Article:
IBM, NYSE Set for Major Software Pact

In an example of how high-tech vendors are shoring up deals in the financial
services industry, IBM will announce a major technology
pact with the New York Stock Exchange (NYSE) next Thursday, has learned.

Steve Mills, senior vice president and group executive of IBM Software, and
Roger Burkhardt, CTO of the New York Stock Exchange, will
host the briefing at the NYSE’s headquarters in New York City.

IBM refused to comment on the relationship, in which the NYSE will be a
customer. But a deal between IBM and NYSE, powerhouses in their respective
fields, would seem to be a perfect match.

IBM’s software division could provide any number of infrastructure pieces,
from Web services platforms supported by the company’s service-oriented
architecture (SOA) tools, to its latest WebSphere Application
Server 6.0. But IBM’s SOA momentum has been in overdrive lately.

The company Wednesday said it has refreshed
its CICS Transaction Server by making it possible for Web services
to run more efficiently on mainframes. Mainframes
happen to be the mainstays in many large, established equities firms, such
as the NYSE.

Wintergreen research analyst Susan Eustis broached
this likelihood.

“One would assume IBM is going to push their SOA architecture, and it will
be very close to the [CICS] announcement,” Eustis told “The SOA architecture is very powerful, because it
pulls together the app server, the portal, the integration suite, the
business processes — and so you’ll see IBM talking about a broad suite of
products that run on open systems.”

It is most likely a combination of software, supported by IBM’s vaunted
Global Services division (IGS), to ensure that the NYSE’s electronic
practice runs at a constant.

Reliable, always-on guarantees, believed to be fool’s gold by some experts,
are what high-tech vendors have been striving to provide financial services
companies with. Some equities firms process millions of transactions per day,
sometimes numbering in the billions of dollars.

Financial services outfits are attractive to high-tech vendors for many
reasons. In a cyclical theory, banks and equities firms are relied upon to
exchange a lot of money. Because of this, they often have plenty to spend to
ensure the technology backbone they have will ensure transactions with great

For example, the NYSE is the world’s largest stock exchange, with an average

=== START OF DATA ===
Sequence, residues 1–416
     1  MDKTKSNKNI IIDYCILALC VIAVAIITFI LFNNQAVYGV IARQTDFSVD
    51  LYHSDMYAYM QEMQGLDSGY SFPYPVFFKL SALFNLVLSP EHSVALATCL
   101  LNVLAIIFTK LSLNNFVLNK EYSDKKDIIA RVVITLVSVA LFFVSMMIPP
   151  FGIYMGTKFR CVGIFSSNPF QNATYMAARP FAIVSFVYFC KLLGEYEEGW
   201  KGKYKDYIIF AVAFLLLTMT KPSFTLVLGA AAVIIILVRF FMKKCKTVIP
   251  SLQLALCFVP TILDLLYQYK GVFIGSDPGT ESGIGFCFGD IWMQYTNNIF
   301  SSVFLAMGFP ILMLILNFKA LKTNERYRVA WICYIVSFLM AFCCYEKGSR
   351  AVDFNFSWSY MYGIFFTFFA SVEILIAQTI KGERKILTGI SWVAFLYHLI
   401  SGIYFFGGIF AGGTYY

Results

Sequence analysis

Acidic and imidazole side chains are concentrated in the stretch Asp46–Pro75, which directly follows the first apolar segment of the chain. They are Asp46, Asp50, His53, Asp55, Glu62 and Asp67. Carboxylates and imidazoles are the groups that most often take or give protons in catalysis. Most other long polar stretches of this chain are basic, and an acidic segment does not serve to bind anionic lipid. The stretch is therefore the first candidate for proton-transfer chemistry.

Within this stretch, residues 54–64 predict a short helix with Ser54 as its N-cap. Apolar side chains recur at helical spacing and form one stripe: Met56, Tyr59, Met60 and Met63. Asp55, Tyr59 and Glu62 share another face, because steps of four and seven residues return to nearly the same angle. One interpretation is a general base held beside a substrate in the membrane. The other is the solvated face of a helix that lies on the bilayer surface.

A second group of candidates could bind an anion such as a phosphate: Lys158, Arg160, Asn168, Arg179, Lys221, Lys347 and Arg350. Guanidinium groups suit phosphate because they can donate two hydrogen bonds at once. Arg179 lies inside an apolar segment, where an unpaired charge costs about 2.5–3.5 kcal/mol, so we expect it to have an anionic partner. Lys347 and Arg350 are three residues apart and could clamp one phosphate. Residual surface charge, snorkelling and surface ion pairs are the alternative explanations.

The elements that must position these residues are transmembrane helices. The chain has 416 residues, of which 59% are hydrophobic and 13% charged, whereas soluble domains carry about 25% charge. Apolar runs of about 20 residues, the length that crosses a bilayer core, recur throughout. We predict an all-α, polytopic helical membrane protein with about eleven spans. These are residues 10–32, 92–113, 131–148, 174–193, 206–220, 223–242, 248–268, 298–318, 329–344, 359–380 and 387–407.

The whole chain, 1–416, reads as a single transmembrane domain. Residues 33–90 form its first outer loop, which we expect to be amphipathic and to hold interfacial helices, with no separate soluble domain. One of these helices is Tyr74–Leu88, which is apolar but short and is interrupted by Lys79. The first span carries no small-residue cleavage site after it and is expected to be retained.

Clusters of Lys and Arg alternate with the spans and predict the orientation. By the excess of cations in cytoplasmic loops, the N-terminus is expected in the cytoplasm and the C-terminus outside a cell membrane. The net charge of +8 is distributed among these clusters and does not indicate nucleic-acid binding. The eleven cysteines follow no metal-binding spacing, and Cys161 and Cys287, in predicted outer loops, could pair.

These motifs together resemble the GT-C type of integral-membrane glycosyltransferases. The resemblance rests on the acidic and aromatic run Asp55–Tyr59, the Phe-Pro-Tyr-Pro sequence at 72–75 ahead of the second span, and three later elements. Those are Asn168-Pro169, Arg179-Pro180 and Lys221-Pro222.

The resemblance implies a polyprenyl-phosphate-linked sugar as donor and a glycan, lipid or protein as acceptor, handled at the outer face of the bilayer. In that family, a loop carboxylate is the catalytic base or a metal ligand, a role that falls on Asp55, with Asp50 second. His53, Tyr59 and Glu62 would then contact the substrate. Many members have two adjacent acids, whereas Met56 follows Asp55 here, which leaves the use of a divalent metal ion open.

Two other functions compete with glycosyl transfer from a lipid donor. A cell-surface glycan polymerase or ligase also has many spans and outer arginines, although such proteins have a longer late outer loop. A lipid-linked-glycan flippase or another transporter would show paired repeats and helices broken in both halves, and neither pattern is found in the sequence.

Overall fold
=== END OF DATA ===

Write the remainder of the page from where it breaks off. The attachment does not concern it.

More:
of 1.6 billion shares traded daily and a market capitalization of more than
$17.8 trillion. This makes the firm a lucrative target at a time when
competition among systems vendors is fierce.

IBM, which competes with Sun Microsystems, HP and Dell in the space, has
made no secret about its intention to own the financial services space, as
company officials noted in the third-quarter earnings call.

While Eustis said the SOA ties the software together and makes business
processes accessible to people, she said SOAs used in concert with
mainframes and blade servers running more Linux software offer compelling
value propositions.

“Blades get rid of the wiring, which is half the cost of the server,” Eustis
explained. “Those are great for the financial community because they’re
cheap. You don’t replace the mainframe so that’s even cheaper.”

IGS helps ensure that the purchased technology works, Eustis said.

The event should help IBM hold serve on Wall St. over rival Sun , which swept into New York City in September with its quarterly
news release, vowing to “Take Back Wall Street.”

At that event, Sun President and COO Jonathan Schwartz unveiled new
migration programs to woo and wean customers off of Linux and Xeon
processors from Intel, currently offered by rivals such as IBM, HP and Dell.

Sun vowed to offer Solaris on several platforms, commodity hardware,
interoperability with other software and next-generation pricing models.

According to recent server figures from IDC, IBM maintains a
hefty lead in revenue share over Sun, garnering 31.7 percent of the market
in the third quarter compared to Sun’s 10.2 percent share.

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